The Baptists are known to have had a presence in Portsmouth since the early 1640s. Records show that the first pastor was a Mr. Wentworth, who was followed by Richard Drinkwater and then Thomas Bowes. Up until the passing of the Toleration Act in 1688, when dissenters were protected from persecution, the Baptists had been forced to meet in secret, but on the enactment of the legislation Thomas Bowes gave a parcel of land in the garden of his property in St. Thomas's Street on a lease of 99 years.
Around 1700 Bowes began to subscribe to the Socinian view and converted the first church to one supporting Unitarianism. Many of his congregation left to form their own mainstream Baptist church, meeting initially in a barn on Portsmouth Common. In 1704 Edward Parsons bought some land in West Dock Field and used part of it to build a Meeting House which had seating for up to 200 people. It was built of stone obtained from the demolition of Netley Abbey and was known as Meeting House Alley, later Kent Street Baptist Chapel. In 1730 the congregation had raised sufficient funds to buy the chapel and in 1750 extended in to include a Baptistery. Prior to that date baptisms were carried out at Milton Farm, in the moat around Portsmouth or in the great morass on Southsea Common.
The beginning of the 19th century saw five more chapels spring from the congregation at Meeting House Alley. They were at Green Row (1800), Forton, Gosport (1807), the Ebenezer Chapel in Castle Road (1811), Salem St., White Swan Fields (1813) and Lake Lane. The dates differed slightly when a list of chapels was published in The Baptist Magazine for 1827.
The Ebenezer Chapel
Initially known as the chapel at Southsea Common, the Ebenezer chapel was formed by members of Meeting House Alley who felt that the new town of Southsea needed it's own place of worship. It was opened on Sunday 22nd January 1809 by Reverend D. Miall and Reverend J. Ivemey but it took a further two years before an official licence for a church was granted by the Bishop of Winchester. The Ebenezer chapel itself was not completed until 1812/13 by which time an adjacent parcel of land had been purchased for use as a burial ground. On 12th March 1813 Mr. John Headden was inducted as pastor of the chapel with Mr. John Clay as his assistant.
According to the historians Henry and Julian Slight, the building cost £1900 and that much of the wooden interior came from French ships captured during the Napoleonic Wars.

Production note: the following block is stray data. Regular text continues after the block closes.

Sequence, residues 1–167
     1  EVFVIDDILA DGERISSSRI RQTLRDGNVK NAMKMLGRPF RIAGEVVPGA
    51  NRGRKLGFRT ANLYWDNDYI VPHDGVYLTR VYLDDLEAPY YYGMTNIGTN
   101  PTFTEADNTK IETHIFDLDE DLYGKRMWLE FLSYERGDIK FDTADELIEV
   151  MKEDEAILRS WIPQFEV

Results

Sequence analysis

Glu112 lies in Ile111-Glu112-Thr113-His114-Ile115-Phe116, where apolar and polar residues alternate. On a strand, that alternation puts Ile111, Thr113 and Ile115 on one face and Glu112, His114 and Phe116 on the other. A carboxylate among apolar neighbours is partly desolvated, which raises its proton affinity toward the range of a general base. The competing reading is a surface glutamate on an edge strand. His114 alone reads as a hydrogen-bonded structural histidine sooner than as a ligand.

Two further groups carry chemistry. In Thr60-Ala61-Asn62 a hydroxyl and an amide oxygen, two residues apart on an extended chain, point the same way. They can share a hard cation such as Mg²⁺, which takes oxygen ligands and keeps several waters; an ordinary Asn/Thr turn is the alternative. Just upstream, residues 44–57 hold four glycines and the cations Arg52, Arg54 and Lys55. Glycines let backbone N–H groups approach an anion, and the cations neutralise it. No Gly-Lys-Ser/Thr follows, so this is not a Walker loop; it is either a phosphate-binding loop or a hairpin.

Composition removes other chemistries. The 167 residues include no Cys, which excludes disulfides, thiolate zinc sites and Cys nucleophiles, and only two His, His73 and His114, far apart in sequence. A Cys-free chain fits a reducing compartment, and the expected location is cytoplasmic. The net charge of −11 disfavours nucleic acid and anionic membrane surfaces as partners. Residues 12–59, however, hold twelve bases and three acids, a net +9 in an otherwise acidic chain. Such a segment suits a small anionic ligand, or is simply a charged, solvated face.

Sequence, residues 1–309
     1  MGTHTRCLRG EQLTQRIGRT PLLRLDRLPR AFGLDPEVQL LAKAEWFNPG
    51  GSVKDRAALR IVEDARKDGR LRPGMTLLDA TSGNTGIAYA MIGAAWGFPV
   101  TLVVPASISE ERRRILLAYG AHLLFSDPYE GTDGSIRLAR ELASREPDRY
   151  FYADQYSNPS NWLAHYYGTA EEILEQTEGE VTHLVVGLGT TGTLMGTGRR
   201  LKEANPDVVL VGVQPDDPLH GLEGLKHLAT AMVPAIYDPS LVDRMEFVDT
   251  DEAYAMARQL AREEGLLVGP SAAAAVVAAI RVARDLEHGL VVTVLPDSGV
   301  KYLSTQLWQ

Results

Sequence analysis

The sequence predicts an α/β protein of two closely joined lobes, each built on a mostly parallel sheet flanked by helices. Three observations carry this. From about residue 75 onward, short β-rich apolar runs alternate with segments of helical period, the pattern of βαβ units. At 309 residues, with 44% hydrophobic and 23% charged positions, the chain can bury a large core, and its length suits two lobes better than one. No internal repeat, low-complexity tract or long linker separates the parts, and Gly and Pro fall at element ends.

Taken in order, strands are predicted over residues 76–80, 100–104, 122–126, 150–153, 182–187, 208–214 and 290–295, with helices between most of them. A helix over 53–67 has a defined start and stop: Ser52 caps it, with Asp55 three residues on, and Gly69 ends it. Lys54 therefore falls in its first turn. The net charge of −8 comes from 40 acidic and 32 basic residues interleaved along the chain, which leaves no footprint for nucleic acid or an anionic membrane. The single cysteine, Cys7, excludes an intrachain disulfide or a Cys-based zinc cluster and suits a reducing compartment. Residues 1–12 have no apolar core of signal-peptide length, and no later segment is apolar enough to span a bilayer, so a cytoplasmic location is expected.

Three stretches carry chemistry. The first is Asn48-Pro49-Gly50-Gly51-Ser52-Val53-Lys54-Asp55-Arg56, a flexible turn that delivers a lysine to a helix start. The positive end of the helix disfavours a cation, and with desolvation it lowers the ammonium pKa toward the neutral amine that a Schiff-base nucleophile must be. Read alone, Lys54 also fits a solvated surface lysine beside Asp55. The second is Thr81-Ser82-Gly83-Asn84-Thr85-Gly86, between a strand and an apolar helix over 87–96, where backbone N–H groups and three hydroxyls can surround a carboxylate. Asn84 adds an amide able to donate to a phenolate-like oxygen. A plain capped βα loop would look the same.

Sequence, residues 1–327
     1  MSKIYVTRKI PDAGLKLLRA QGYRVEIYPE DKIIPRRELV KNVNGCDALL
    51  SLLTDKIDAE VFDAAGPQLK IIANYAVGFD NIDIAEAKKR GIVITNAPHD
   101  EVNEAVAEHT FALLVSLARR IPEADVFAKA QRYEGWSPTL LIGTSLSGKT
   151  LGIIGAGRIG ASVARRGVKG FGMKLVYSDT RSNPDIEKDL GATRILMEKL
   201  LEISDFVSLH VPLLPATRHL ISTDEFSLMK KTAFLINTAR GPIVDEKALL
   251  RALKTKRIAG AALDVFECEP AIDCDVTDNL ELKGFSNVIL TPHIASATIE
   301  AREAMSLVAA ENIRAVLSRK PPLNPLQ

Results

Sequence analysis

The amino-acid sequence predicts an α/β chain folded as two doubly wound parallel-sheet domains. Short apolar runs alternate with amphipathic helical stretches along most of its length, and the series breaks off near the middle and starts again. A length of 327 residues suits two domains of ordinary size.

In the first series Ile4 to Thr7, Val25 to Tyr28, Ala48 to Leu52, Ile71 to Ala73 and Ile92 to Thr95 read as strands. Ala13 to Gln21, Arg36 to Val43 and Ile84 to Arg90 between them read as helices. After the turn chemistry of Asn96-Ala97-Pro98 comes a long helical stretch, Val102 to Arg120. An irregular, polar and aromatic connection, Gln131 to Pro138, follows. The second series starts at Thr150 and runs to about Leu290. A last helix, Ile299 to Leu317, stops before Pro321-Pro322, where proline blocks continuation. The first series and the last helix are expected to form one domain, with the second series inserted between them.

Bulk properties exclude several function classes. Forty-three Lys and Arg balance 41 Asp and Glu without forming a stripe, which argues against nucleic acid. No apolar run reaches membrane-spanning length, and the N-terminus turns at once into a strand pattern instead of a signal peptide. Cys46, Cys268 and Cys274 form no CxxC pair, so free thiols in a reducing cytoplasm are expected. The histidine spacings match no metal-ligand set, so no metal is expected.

The fact that the Ebenezer chapel had its own burial ground was highly significant, for up until the time it was brought into use dissenters were forced to bury their dead in Church of England graveyards, either with rites of which they disapproved or in total silence. It was in use from 1815 but we have figures for the number of burials in the years 1827, 1828 and 1829 only, when according to the Slights there were 62, 25 and 25 interments respectively. The unique nature of the cemetery only lasted until 1831 when the Portsea Island General Cemetery was opened at Mile End where there were no requirements for burial services.
Although the burial ground remained in operation after the opening of Mile End Cemetery it's days were numbered and in 1854 the Burial Ground Act forced local authorities to bury their dead outside the main areas of habitation. Portsmouth Borough Council opened Highland Road Cemetery in November 1854 and burials at the Ebenezer chapel ceased. Before it closed however it had accepted the mortal remains of Reverend John Clay and Reverend John Headdon.
With it's closure the cemetery rapidly became overgrown, with the exception of the Headdon family vaults which were cared for by the Newton brothers. Soon there was talk of building a Temperance Hall on the burial ground and a head high wall was constructed around the plot. The Newton brothers took kindly to neither and mounted a series of nightime raids to break holes in the walls and fill in the foundation trenches. At one point the chapel authorities managed to raise the walls of the hall to a height of 20 ft but once again the Newtons managed to demolish the structure. In the end they won and the project to build the hall was abandoned.
The Ebenezer chapel itself continued in use until 1892, when, following a disastrous fire at the Kent Street chapel it was decided that a new place of worship should be found in central Southsea and that the few remaining members of the Ebenezer congregation would join it. On 11th April 1892 the Immanuel church was formed and met at Victoria Hall. Numbers rose steadily and by the end of the century a new building was being raised following the laying of foundation stones on April 18th 1899. The new building was to be known as the Immanuel Baptist Church and Schools and it was sited in Victoria Road North. The first pastor was the Reverend John Kemp who had also been the last pastor of the Ebenezer chapel.
The Immanuel church was destroyed by German bombs on the night of January 10th 1941, but a new modern structure took its place after the war. The Ebenezer church fell into disrepair and was used as a garage from 1920, but despite attempts to save it as the last part of Portsmouth's Baptist heritage it was demolished in 1979 and the land was redeveloped for housing. During the digging of the foundations for the residential units many bones were recovered but nowhere near as many as should have been expected from the probable number of burials that must have taken place there.
The Ebenezer Baptist Chapel Southsea by Heather H. Taylor
"Immanuel" - A souvenir
The Evening News